Preparing for Retirement

Preparing for retirement may seem like a daunting task, but there are small steps you can take that will pay dividends when the time comes to retire. It is best to start saving for retirement as early in life as possible. If you failed to start saving in your 20s, the best time to start is now. According to Fidelity, most retirees find they need about 55%-80% of their normal annual income after retirement. Based on this reality, there are a few things to consider.

How do you expect your situation to change after retirement?

If you have worked full-time for most of your adult life, the retirement lifestyle will likely be a big adjustment at first. You will no longer be working 40+ hours per week and receiving weekly or bi-weekly paychecks. Instead, your income will likely come from retirement savings and monthly Social Security checks. Will that be enough to cover your expenses, or will you need to take on a part-time job for additional income? Even if you do have enough to cover your expenses, a part-time job could help you remain active, connected to a community, and could provide a smoother transition for those who crave a daily routine.

In which areas will your expenses increase or decrease?

Many expenses decrease around the time of retirement. For example, if your house is paid off or close to being paid off, that is a large expense you will no longer have to pay. However, there are a few expenses that may increase after retirement. For the average retiree, healthcare costs increase by 15%. This percentage can be even higher for those with pre-existing conditions. Additionally, with more free time, comes more time to plan and take trips. If you plan to travel more after you retire, you will want to make sure you have the resources needed to take those trips.

Will you remain in your current home?

Have you considered whether your home will fit your needs as you age? The Federal Deposit Insurance Corporation (FDIC) recommends considering the following:

  • Home maintenance, repairs, taxes, and other costs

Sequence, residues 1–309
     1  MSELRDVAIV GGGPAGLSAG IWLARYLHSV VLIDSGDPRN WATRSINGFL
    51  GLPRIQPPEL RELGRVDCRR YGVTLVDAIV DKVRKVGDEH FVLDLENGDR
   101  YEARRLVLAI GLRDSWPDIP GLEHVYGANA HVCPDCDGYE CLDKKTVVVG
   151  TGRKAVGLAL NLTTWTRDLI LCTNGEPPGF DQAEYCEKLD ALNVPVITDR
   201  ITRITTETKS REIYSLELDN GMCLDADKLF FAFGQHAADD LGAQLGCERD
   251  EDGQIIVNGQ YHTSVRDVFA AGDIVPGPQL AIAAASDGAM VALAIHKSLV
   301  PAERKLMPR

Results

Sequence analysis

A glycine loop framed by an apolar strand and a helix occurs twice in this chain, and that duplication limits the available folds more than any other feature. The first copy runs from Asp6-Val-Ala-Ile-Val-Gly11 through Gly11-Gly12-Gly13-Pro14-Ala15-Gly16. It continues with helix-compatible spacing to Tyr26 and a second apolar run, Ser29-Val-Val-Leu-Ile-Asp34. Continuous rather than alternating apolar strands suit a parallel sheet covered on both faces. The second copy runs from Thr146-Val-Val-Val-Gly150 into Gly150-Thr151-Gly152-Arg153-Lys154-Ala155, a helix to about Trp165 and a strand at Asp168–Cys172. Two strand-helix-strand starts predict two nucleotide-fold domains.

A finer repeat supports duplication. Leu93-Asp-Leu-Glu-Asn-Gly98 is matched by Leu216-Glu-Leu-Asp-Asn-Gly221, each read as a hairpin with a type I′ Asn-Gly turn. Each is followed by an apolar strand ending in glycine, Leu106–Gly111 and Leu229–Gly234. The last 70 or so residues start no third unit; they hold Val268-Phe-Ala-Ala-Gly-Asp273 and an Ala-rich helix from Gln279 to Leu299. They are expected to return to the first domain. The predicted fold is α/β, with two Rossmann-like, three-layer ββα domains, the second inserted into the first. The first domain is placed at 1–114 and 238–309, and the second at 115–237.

• Location in relation to family, friends, medical appointments, etc.
  • If the home has stairs that will become increasingly difficult to climb as you age

Sometimes the costs of staying in a home outweigh the benefits. Accessibility and convenience are very important factors to consider in the decision. If you are worried about maneuvering stairs or other obstacles in the home, or if you rely on the help of family or friends, but live in an inconvenient location, moving may be a better option than staying in place.

Are you contributing toward an investment account, such as a 401(k) or IRA?

Contributing to a 401(k) or IRA offers the benefit of compound interest, which means you can earn interest on the interest you have already earned. This is incredibly valuable over time, as the longer you have an investment account, the greater the potential to accumulate interest and for that interest to continue to compound. Many companies offer matching contributions on retirement accounts, which is a great way to grow your balance if you are willing to contribute the monthly percentage required.

Do you know your net worth?

The basic formula for net worth is Assets minus Liabilities, but the more difficult part is determining what is considered an asset and what is a liability. Using a net worth calculator takes out a lot of the guesswork in the process. It is helpful to know your net worth, especially as you get closer to retirement, because it can significantly impact your plans. For example, if you have paid off your mortgage or have accumulated a large amount of equity, you would likely find yourself in a more favorable position financially than if you owed a considerable amount on a mortgage.

Retirement takes a lot of planning. It might feel like it is too far in the future to think about for some, but there is rarely an instance in which there is too much time when it comes to saving money. Take the time to prepare now and you will thank your younger self when the time comes.

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